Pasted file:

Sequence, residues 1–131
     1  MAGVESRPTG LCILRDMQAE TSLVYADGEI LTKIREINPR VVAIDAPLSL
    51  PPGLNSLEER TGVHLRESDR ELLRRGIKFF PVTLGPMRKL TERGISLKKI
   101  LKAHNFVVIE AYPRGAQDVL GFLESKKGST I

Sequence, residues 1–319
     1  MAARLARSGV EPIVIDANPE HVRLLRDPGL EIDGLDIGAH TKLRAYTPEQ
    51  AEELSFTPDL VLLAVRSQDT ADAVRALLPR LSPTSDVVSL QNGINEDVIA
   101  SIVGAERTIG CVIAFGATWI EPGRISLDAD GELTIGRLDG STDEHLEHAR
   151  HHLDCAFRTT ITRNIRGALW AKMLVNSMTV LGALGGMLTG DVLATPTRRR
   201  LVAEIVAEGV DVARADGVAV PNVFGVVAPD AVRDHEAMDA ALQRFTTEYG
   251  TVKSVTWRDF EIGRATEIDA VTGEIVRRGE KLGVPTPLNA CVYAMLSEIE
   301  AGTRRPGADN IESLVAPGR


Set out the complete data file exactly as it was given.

Sequence, residues 1–131
     1  MAGVESRPTG LCILRDMQAE TSLVYADGEI LTKIREINPR VVAIDAPLSL
    51  PPGLNSLEER TGVHLRESDR ELLRRGIKFF PVTLGPMRKL TERGISLKKI
   101  LKAHNFVVIE AYPRGAQDVL GFLESKKGST I

Sequence, residues 1–319
     1  MAARLARSGV EPIVIDANPE HVRLLRDPGL EIDGLDIGAH TKLRAYTPEQ
    51  AEELSFTPDL VLLAVRSQDT ADAVRALLPR LSPTSDVVSL QNGINEDVIA
   101  SIVGAERTIG CVIAFGATWI EPGRISLDAD GELTIGRLDG STDEHLEHAR
   151  HHLDCAFRTT ITRNIRGALW AKMLVNSMTV LGALGGMLTG DVLATPTRRR
   201  LVAEIVAEGV DVARADGVAV PNVFGVVAPD AVRDHEAMDA ALQRFTTEYG
   251  TVKSVTWRDF EIGRATEIDA VTGEIVRRGE KLGVPTPLNA CVYAMLSEIE
   301  AGTRRPGADN IESLVAPGR